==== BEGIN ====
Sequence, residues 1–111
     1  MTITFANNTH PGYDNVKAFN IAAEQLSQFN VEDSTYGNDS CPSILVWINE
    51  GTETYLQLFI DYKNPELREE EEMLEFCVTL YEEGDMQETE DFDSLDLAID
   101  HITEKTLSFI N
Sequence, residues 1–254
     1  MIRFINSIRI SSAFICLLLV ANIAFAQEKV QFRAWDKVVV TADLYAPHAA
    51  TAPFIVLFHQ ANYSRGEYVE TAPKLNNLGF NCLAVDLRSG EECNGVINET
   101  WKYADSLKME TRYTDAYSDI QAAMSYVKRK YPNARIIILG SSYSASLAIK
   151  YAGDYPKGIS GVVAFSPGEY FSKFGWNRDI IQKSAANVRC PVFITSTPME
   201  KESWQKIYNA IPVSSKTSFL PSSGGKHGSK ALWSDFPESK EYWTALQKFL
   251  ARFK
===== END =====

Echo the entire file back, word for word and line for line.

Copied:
Sequence, residues 1–111
     1  MTITFANNTH PGYDNVKAFN IAAEQLSQFN VEDSTYGNDS CPSILVWINE
    51  GTETYLQLFI DYKNPELREE EEMLEFCVTL YEEGDMQETE DFDSLDLAID
   101  HITEKTLSFI N
Sequence, residues 1–254
     1  MIRFINSIRI SSAFICLLLV ANIAFAQEKV QFRAWDKVVV TADLYAPHAA
    51  TAPFIVLFHQ ANYSRGEYVE TAPKLNNLGF NCLAVDLRSG EECNGVINET
   101  WKYADSLKME TRYTDAYSDI QAAMSYVKRK YPNARIIILG SSYSASLAIK
   151  YAGDYPKGIS GVVAFSPGEY FSKFGWNRDI IQKSAANVRC PVFITSTPME
   201  KESWQKIYNA IPVSSKTSFL PSSGGKHGSK ALWSDFPESK EYWTALQKFL
   251  ARFK